I hate discussing hashtags.

Four words and one mark of punctuation into this post, and I’m already rolling my eyes. (I’ve drawn you in already, right?)

Frequently, when hashtags are being discussed – in blog posts, books, whitepapers, as part of campaigns, in meetings, or wherever – their importance is held so high that I find it verging on laughable.

A hashtag, plain and simple, is a tool Successfully using hashtags doesn’t have much to do with a hashtag itself.for sociability and really only has one of two purposes: 1) to organize conversations around a particular topic, and 2) to start conversations around a particular topic.

Sure, both of these purposes could be grouped together under ‘organizing conversations’, but special considerations make me hesitate to colour them quite so simply.

I stated off the top that I hate discussing hashtags, so you may be wondering why on earth I’ve written this blog post.

Well, I’ve decided to weigh in on hashtags this one time only because I strongly believe that we all need to be a little more social on social media, and undeniably, hashtags can, and do, assist in that area.

So, here’s my brief guide to hashtags, which will hopefully simplify your view of these renamed pound signs, and provide some clarity for how to effectively use them:


Everyday, people are having conversations on social media that may be of relevance to your brand, and many of these conversations are organized – by design or accident – through consistent hashtag use.

A tremendous opportunity for your brand is to identify these conversations and associated hashtags, and participate! Simple, right?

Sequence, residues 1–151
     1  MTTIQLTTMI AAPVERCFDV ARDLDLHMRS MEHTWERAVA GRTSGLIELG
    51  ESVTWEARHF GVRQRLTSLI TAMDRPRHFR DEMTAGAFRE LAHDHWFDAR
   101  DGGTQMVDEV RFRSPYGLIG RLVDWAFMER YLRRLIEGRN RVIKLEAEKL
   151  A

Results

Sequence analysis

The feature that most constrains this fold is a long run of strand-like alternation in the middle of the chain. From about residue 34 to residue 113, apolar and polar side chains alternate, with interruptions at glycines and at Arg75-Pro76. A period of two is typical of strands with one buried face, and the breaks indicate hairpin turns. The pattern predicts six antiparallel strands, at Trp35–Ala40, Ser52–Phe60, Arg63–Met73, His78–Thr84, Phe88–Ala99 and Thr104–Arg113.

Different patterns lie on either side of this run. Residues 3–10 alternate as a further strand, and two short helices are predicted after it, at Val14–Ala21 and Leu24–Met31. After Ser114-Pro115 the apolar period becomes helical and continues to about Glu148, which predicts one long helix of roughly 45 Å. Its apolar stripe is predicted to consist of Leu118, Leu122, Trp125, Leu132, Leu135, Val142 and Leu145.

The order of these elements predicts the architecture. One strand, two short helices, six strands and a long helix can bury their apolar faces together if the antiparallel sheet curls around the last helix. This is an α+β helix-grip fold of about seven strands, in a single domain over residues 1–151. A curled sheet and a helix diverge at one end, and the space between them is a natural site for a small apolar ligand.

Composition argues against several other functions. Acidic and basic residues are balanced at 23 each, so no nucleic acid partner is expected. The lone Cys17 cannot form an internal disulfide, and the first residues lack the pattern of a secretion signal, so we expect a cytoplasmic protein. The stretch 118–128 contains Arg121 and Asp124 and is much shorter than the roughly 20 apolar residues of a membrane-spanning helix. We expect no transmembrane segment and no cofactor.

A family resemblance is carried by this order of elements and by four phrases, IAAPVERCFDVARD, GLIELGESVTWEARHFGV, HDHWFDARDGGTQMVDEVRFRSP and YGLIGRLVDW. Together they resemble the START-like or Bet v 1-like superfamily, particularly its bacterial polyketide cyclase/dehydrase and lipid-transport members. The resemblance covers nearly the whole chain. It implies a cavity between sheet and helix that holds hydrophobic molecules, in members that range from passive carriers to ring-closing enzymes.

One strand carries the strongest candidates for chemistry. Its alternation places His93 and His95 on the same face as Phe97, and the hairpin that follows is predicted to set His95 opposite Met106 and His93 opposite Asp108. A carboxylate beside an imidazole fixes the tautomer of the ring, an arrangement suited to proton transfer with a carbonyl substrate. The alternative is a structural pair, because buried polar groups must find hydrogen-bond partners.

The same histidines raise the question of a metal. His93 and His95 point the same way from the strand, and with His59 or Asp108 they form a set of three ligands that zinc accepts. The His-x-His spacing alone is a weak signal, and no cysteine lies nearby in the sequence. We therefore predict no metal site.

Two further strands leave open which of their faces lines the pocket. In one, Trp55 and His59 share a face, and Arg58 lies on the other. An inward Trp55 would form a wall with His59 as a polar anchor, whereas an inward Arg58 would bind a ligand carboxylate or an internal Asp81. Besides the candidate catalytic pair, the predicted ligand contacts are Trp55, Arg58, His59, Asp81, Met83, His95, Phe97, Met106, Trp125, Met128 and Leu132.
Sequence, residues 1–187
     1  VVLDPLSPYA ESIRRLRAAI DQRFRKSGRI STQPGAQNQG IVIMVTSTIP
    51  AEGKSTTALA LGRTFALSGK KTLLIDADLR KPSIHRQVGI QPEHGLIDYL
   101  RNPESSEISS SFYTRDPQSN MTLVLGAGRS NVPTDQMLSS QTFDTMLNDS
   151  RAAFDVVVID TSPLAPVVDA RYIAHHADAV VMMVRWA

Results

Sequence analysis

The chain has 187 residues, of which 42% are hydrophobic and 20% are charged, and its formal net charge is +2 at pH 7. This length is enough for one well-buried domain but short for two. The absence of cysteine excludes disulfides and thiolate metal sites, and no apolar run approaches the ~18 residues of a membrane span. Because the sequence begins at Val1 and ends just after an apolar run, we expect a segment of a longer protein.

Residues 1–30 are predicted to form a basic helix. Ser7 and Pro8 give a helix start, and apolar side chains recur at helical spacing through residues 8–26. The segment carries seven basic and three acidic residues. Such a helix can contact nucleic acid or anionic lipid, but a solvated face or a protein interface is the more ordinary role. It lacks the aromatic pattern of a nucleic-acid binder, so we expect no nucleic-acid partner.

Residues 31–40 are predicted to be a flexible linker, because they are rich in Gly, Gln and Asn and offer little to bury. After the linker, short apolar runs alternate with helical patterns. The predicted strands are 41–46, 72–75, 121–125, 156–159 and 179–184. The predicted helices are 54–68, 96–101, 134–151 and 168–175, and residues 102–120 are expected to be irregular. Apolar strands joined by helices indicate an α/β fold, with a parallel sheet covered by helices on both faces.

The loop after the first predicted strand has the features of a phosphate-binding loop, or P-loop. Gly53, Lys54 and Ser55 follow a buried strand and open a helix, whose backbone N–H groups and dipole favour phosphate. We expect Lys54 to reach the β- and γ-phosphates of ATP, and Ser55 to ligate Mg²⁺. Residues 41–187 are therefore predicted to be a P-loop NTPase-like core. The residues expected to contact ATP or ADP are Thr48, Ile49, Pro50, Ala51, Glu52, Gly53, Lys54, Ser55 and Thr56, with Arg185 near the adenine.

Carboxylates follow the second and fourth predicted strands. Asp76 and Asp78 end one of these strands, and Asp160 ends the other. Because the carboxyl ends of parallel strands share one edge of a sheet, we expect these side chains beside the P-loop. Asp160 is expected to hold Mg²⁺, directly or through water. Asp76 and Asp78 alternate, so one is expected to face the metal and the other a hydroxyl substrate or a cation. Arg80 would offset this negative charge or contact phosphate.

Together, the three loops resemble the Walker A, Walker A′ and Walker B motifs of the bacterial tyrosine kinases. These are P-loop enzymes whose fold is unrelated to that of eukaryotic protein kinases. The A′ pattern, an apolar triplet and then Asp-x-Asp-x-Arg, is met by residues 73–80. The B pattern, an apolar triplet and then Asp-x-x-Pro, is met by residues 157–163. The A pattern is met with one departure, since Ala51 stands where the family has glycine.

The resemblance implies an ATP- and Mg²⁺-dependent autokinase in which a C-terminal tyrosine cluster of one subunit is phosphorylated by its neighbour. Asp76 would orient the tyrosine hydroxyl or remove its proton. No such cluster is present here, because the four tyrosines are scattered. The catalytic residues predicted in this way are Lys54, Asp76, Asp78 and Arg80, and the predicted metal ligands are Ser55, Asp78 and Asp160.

This is where I find there to be most confusion about hashtags. Businesses frequently want to “create a hashtag” that will get the masses talking about a “conversation they start”, and have it all be directly attributable to their brand.

You’ll note there are a couple of phrases that I placed in quotation marks above: “create a hashtag” and “conversation they start”. I did that, because there’s more to discuss in each of these areas.

“Creating a hashtag” is a pretty silly notion in my opinion. This exercise should be less about ‘creating’ and more about ‘identifying’ what hashtag people are likely to use to discuss the topic of conversation you are hoping to ignite. Except out of irony or dated sense of humour, people don’t ‘create hashtags’ that experience any kind of traction. They simply use hashtags that are relevant to a topic of discussion that will be easy for others to identify and use as well.

“Starting a conversation” is not difficult. However, in the world of social media marketing, “starting a conversation” that gains participation of scale, which is typically the measure that success is based on, is hugely challenging. No creative or clever hashtag is going to make this any less daunting. To get people talking, you need to give people a reason to talk: do something amazing, create an amazing product, provide an incredible experience, and on.

The point is that successfully using a hashtag doesn’t have much at all to do with a hashtag itself, it does however, have everything to do with the topic of discussion that the hashtag merely represents.

If your business is conversation worthy, or you do something conversation worthy – guess what – people will talk about it. When they do, have a readily accessible, easy to understand, and simple to remember hashtag to organize their conversations.


How does your business successfully organize conversation around certain topics?

How does your business use hashtags to find relevant discussions to participate in?

How have do you observe your audience using hashtags?

It would be great to chat with you about your thoughts and experience in the comments, or on Twitter @RGBSocial

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  1. […] Frequently, when hashtags are being discussed – in blog posts, books, whitepapers, as part of campaigns, in meetings, or wherever – their importance is held so high that I find it verging on laugha…  […]


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